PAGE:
Soft rock, also referred to as light rock or easy rock, is a style of music which uses the techniques of rock and roll to compose a softer, more toned-down sound for listening, often at work or when driving.
Soft rock emerged in the early 1970s, both as a reaction against the increasingly heavy music (punk rock and heavy metal etc.) that was developing at the time, and also as a reflection of the changing priorities of the Baby Boom. What set 1970s soft rock apart from its 1960s counterpart, which for lack of a better word is usually just called "pop", is that in the 1960s pop existed for those who simply didn't like rock; the 1960s' pop artists usually were vocalists who were stylistic throwbacks to the pre-rock era. Soft rock developed organically to suit the needs of those who did have rock listening experience; as such, it can be considered a bona fide rock genre. Soft Rock could be characterized as a Pop-oriented Rock.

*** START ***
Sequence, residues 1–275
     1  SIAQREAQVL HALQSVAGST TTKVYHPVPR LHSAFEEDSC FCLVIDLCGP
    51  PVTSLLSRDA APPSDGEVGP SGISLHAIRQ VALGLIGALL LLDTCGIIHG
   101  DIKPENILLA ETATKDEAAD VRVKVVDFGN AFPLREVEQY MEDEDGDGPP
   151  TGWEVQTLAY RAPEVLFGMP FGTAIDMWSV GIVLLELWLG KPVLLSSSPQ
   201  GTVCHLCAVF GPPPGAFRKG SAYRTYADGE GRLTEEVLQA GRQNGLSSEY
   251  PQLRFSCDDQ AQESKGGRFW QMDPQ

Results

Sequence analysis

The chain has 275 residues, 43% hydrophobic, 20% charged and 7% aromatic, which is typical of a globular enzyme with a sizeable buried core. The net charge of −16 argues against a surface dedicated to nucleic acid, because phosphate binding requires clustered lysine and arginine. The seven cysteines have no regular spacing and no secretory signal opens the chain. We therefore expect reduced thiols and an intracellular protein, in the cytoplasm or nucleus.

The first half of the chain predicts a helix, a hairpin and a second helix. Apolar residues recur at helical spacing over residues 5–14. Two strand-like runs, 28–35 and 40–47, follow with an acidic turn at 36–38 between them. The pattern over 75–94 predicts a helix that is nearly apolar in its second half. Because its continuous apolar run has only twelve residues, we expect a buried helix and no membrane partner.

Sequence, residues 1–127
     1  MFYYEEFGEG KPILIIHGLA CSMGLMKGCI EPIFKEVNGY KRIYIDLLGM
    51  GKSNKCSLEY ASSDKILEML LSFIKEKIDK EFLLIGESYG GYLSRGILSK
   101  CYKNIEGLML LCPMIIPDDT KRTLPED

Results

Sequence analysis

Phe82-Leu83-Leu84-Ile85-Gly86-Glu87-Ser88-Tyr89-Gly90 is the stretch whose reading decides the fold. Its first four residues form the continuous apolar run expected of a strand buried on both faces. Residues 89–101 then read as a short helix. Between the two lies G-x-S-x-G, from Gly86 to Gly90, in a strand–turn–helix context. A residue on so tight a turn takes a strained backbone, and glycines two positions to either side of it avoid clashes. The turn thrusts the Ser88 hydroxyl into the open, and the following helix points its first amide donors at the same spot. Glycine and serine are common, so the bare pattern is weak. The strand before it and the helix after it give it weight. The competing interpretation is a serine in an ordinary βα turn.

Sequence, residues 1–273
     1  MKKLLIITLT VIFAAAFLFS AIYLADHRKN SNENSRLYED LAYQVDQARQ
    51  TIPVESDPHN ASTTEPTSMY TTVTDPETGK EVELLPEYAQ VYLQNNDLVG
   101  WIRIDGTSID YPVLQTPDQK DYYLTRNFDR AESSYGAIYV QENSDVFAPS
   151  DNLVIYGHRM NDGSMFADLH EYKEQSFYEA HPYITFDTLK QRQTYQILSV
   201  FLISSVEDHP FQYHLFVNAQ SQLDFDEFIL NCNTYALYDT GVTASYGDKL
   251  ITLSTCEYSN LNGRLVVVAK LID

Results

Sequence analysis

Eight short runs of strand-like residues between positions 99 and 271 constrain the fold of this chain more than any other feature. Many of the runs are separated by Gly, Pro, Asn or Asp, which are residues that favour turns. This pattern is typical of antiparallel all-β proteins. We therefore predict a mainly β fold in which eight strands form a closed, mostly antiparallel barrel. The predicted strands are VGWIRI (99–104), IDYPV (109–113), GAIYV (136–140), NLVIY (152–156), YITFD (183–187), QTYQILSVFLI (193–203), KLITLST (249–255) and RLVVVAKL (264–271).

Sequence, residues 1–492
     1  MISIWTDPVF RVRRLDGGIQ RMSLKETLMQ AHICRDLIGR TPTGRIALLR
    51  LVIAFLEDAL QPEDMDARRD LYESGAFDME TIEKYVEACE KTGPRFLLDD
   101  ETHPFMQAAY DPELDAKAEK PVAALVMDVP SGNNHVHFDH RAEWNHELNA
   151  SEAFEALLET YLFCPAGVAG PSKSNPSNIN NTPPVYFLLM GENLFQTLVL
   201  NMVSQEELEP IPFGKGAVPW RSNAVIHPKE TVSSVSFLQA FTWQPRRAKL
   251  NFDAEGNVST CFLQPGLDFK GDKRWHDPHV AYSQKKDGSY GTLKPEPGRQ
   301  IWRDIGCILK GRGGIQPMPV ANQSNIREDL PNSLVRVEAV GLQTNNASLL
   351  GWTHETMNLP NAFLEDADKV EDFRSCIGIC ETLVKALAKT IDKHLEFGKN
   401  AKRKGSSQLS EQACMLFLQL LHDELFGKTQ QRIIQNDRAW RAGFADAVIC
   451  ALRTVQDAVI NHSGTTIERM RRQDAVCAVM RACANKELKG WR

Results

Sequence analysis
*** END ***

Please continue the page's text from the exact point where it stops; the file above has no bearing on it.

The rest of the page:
In his four-decade career, John has sold more than 250 million records, making him one of the most successful artists of all time. His single "Candle in the Wind 1997" has sold over 37 million copies, becoming the best selling single of all time. He has more than 50 Top 40 hits, including seven consecutive No. 1 U.S. albums, 56 Top 40 singles, 16 Top 10, four No. 2 hits, and nine No. 1 hits. He has won five Grammy awards, an Academy Award, a Golden Globe Award and a Tony Award. His success has had a profound impact on popular music and has contributed to the continued popularity of the piano in rock and roll. In 2004, Rolling Stone ranked him Number 49 on its list of the 100 greatest artists of all time. Some of the characteristics of John's musical talent and work include an ability to quickly craft melodies for the lyrics of songwriting partner Bernie Taupin, his former rich tenor (now baritone) voice, his classical and gospel-influenced piano, the sensitive orchestral arrangements of Paul Buckmaster among others, and the on-stage showmanship, especially evident during the 1970s. John's career took a hit after 1976. In November 1977 John announced he was retiring from performing; Taupin began collaborating with others. John secluded himself in any of his three mansions, appearing publicly only to attend the matches of Watford, an English football team of whom he was a lifelong devotee, and that he later bought. Some speculated that John's retreat from stardom was prompted by adverse reactions to the Rolling Stone article.